Don't let Technoethical's prices fool you. Installing a custom ROM on an Android phone is very easy. You do need a compatible device though. Don't try installing an incompatible ROM.

> I've heard this claim a few times. I've never seen any reason to believe it. ELI5

Linux and much of GNU are C. C is not a memory-safe programming language, which means that things[1] can happen with memory that are not supposed to. For example, a program might use a chunk of memory and then stop using it, but those bytes are still there, and then a malicious program might access that same chunk of memory and use those bytes to do things.

Ideally programs would not be able to access each other's resources so that this would not happen, but Linux gives every process it runs the same permissions as the user that asks it to start the process, with no sandboxing in between them. This is why running things as root is very dangerous, but even running things as normal user is somewhat dangerous.

For servers, this can be addressed by creating per-application users, where each user only has permission to run its application. Security-critical server applications are often packaged this way. Even on a desktop system, if you look at "/etc/passwd" to see a list of users on your system, you will probably see a bunch of usernames that are not yours and that you didn't create. These are being used to run different processes in isolation.

However, users typically run desktop applications as themselves, so each application has permission to do anything that the user has permission to do. This is not secure, although since there are not very many people using GNU/Linux as a desktop system it is not a very popular target to attack (unlike GNU/Linux servers, which are very common and very popular to attack, hence isolation between processes being taken more seriously for server applications).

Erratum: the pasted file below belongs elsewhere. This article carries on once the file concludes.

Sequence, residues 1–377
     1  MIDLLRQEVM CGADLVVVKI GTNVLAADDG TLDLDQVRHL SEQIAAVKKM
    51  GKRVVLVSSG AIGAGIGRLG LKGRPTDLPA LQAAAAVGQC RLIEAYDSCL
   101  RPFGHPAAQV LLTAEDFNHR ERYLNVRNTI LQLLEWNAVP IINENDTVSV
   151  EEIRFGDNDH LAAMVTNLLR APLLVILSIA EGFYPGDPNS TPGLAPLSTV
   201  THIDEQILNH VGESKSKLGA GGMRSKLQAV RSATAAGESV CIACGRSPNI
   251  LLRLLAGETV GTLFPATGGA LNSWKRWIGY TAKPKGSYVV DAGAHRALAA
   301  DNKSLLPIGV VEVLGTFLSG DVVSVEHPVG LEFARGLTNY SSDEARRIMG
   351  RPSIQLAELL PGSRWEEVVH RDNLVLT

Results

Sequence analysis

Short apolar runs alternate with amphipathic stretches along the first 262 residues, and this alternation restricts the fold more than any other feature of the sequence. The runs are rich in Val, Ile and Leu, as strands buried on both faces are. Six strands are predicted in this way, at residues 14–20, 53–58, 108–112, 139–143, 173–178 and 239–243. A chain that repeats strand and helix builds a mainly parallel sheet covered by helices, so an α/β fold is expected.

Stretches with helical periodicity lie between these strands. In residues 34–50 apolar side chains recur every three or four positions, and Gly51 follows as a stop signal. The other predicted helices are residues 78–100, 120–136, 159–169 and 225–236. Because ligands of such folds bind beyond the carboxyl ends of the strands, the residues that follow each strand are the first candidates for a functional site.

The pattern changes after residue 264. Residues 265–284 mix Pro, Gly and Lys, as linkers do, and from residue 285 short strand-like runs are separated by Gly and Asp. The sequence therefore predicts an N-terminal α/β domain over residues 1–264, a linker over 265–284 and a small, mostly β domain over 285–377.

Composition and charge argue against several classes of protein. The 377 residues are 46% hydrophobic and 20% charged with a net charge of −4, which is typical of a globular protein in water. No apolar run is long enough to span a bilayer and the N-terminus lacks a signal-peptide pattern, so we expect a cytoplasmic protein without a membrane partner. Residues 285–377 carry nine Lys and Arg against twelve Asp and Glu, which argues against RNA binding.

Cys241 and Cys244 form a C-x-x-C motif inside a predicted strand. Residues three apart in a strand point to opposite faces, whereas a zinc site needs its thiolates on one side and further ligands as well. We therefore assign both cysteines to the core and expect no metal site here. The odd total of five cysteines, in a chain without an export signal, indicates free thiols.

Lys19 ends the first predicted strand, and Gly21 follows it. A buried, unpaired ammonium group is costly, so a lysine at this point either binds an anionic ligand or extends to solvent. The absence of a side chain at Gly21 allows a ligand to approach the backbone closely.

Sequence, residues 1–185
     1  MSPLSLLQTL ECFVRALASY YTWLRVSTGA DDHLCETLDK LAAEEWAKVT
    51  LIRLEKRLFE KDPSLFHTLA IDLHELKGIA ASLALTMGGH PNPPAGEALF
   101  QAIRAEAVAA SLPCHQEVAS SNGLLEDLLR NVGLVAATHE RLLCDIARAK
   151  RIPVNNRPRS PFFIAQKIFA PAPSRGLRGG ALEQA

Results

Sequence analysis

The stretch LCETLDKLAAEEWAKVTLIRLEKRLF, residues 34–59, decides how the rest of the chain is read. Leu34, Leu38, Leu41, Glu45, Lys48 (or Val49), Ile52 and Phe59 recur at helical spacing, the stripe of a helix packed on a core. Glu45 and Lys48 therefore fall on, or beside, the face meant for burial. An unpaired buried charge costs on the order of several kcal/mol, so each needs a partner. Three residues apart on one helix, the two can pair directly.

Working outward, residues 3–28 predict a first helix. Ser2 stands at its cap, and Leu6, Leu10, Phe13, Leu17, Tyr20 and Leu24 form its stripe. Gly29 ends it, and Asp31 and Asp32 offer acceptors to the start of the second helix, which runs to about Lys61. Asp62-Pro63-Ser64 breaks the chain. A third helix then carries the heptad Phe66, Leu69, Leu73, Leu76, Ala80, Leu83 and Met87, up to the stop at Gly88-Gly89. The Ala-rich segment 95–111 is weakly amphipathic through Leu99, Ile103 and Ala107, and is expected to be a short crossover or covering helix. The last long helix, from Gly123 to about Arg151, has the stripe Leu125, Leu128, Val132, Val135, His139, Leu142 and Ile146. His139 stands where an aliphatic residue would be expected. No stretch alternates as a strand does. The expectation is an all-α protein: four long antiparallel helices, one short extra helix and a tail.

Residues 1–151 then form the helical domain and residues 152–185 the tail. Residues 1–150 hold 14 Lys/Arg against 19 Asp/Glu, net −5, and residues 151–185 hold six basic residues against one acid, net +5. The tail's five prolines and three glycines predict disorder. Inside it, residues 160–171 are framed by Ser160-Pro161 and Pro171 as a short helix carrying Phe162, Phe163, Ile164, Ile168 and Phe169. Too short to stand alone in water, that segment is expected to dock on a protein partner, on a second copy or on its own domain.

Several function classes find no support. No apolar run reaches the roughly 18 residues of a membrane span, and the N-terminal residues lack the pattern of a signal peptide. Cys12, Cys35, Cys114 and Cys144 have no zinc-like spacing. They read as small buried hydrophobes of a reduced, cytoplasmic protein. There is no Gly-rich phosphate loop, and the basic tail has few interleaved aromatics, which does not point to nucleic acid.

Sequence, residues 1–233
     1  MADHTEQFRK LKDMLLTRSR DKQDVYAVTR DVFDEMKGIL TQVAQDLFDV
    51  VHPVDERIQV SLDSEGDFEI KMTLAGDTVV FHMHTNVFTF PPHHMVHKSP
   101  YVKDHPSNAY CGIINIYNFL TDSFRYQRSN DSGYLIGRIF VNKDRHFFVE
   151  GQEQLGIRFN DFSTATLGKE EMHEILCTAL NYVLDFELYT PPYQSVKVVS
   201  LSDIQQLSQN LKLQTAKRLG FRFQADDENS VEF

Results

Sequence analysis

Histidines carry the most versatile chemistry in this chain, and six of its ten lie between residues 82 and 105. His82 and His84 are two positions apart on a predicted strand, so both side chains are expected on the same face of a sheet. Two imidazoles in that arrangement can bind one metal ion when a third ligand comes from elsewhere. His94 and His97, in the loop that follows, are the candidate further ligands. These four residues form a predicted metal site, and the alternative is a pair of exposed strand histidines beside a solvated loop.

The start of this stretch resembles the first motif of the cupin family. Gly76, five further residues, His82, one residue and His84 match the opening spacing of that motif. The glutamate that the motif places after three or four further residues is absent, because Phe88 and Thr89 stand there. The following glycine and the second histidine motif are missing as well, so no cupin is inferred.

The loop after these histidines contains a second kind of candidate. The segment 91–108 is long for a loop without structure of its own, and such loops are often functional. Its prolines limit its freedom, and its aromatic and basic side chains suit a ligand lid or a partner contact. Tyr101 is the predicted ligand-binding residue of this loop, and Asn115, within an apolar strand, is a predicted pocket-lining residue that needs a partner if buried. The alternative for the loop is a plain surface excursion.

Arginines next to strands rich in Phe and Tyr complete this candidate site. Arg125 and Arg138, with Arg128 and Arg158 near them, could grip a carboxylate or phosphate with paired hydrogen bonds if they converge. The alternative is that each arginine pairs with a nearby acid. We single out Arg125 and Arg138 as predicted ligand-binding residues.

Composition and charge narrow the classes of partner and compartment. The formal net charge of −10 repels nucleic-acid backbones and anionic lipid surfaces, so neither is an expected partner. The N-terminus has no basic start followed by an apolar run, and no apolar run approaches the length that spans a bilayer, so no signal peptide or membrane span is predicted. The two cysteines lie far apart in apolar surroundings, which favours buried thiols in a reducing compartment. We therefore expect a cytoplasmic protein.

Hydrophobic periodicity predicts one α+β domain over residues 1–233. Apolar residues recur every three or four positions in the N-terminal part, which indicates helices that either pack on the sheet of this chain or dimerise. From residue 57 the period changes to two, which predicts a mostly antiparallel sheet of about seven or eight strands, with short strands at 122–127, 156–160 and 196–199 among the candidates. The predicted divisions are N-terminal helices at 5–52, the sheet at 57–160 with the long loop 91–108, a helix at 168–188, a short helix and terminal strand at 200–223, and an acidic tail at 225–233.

Android uses the same kernel as GNU/Linux, but is also used by many people and is popular to attack, and it has something called an "app store", which is kind of like a distro's repository, if your distro were a terrible cesspool of proprietary malware, so it implements isolation of applications be design. You know how you can go into Android's settings and give different applications permission to do certain things, like access certain files and or your camera or microphone? Have you ever wondered why Trisquel doesn't have something like that in its settings? It's because all applications run with the same permissions as the user that runs them, so they only way to prevent them from accessing something is to remove your own access (keep those files on another medium, put tape over your camera, etc).

There are some works in progress to implement sandboxing for desktop GNU/Linux. Flatpak and Snap have some basic sandboxing. Whonix appears to be working on something[2] that will make it easy to run desktop applications as separate users the way server applications often are. Guix has a very cool containers feature. But there isn't yet a user-friendly, secure, and adopted sandboxing mechanism for GNU/Linux like there is for Android.

Does that mean the Pinephone is bad? No, it is what it purports to be: an inexpensive, hackable phone capable of running GNU/Linux with the minimal amount of proprietary crap needed to have a decent smartphone (the modem, since modems have to be non-free, and WiFi, since the WiFi cards with free firmware would quickly drain a phone's battery). Unlike Purism, Pine64 has not claimed to be security-focused. Hopefully by the time mobile or desktop GNU/Linux acheives enough adoption to become a popular target to attack, sandboxing support will have improved. But if you yourself are a trying to protect against a sophisticated attacker, you probably want to go with GrapheneOS for mobile and something like Tails or Whonix for desktop. It all comes down to your threat model.

> I was initially excited by this, but it seems that with the initial models you have to take the back off the device to get at these switches, which makes them almost useless.

Yeah, that was my biggest disappointment with the PinePhone. I wouldn't say it's *useless*. The back comes off pretty easily, so say you needed to go do something important didn't want to be tracked you could take 20 seconds to disable the modem, but it would probably be too inconvenient to switch it on and off frequently.

> I'm hanging out for future versions in which cameras will have a lense cover that users can manually slide clear

That would be nice. I wonder how hard it would be to modify the back cover that way.

[1] https://en.wikipedia.org/wiki/Memory_safety#Types_of_memory_errors

[2] https://github.com/madaidan/sandbox-app-launcher

chaosmonk

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>> I'm hanging out for future versions in which cameras will have a lense cover that users can manually slide clear

> That would be nice. I wonder how hard it would be to modify the back cover that way.

Oh sorry, I misread what you wrote. I thought you were suggesting a sliding cover on the back panel in order to more easily access the kill switches.